Feminism | Posted by Maia M on 12/20/2010

NuvaRing: Sexual Misinformation?

Nuva Ring

Nuva Ring

So I’m watching Glee on Hulu because homework is boring and the internet is slowly but surely taking over the world. And because I don’t like interruptions, I opt at the beginning of the clip to watch the two-minute NuvaRing spot, instead of watching the whole episode with commercials throughout.

The scene: there are a bunch of women (props to NuvaRing, they’re not all white) sitting around a pretty garden table, laughing together as they share their hilarious, completely relatable experiences with birth control pill mishaps. The woman in purple embarks on a gripping story about how she dropped a pill while on the subway, and started calling around to pharmacies to ask “if they had any extras.” One pharmacist tells her, “You could probably just use protection, like condoms…”

Woman-in-Purple gives a mock scream of horror, as the rest of the table bursts out laughing at this silly, silly suggestion—clearly, they all agree with woman-in-purple’s assertion that, “that defeats the entire purpose!” Haha. Silly pharmacist. Everyone knows that the only risk of sex is pregnancy, so if you’re on birth control, go ahead, do whatever whacky things you do in your bedroom. You’re covered.

Does anyone else get really annoyed by things like this? It’s bad enough that hardly anyone thinks things like oral sex are “serious” enough to use protection for. And then there are the people who are “saving themselves for marriage,” or are products of abstinence-only sex education and rarely use any protection at all, but that’s a whole ‘nother category of sexual ignorance. But really, NuvaRing, really? Yeah, go ahead, tell your entire viewership that one form of birth control is enough, you don’t need any other sort of protection whatsoever. Come on, people. What about STDs? And yeah, what if you miss a pill, what if something goes wrong?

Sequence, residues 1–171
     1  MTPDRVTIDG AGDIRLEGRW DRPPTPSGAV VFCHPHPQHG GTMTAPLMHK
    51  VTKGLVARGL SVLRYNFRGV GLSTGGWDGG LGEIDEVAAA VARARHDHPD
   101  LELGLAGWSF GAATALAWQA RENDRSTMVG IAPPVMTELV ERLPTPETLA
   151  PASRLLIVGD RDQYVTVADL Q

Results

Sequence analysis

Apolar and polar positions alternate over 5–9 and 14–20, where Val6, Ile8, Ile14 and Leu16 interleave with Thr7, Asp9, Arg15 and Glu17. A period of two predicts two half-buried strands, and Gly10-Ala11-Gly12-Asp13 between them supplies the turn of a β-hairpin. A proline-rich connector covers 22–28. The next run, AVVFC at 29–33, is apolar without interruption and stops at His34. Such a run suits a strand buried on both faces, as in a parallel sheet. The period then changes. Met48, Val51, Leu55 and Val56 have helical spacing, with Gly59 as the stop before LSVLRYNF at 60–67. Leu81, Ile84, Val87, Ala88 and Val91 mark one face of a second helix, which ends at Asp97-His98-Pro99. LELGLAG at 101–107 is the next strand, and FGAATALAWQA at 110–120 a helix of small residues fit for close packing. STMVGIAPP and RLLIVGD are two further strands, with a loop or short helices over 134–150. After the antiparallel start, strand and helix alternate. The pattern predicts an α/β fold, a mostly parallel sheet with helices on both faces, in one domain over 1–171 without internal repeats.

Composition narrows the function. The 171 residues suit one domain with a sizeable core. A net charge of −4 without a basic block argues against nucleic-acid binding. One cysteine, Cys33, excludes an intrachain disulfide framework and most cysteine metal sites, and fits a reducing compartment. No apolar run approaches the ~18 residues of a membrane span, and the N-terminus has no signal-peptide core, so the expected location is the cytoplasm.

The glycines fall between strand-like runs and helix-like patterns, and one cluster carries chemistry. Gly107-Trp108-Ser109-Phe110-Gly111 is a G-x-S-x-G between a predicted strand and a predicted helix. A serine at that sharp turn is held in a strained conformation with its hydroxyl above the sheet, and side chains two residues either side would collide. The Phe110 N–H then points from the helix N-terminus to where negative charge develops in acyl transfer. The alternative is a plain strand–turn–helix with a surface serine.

Then of course, there’s the troublesome line of thinking that, in heterosexual sex, protection is entirely the woman’s responsibility. Of course men don’t need to worry about protection, they’re not the ones getting pregnant!

I mean, I get it, “Wear the NuvaRing and… well, and use a condom anyway” isn’t the best advertising campaign, but isn’t there enough sexual ignorance in America?

What are people’s thoughts on this ad, and about some of the sexual misinformation floating around out there?

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  • Ari @ at 1:09 pm, December 20th, 2010

    I think the problem with most birth control commercials is rarely do they picture the fact that these women are in a serious monogamous relationship. Birth control should be used with condoms if you are perhaps having sex with more than one partner and/or waiting to see if this relationship will become serious/monogamous. Along with that- STD/AIDS/HIV tests.

    Rarely is it touched that (shock!) women would want to have sex more than one person for usually it is results sadly into slut-shaming. It’s a touchy subject and seriously sad that we do not talk about female sexuality/safe sex beyond catchy, acne-free, no crazy hormones birth control commercials. Now excuse me as I listen to The Veronicas “We’re Not Going To Take It”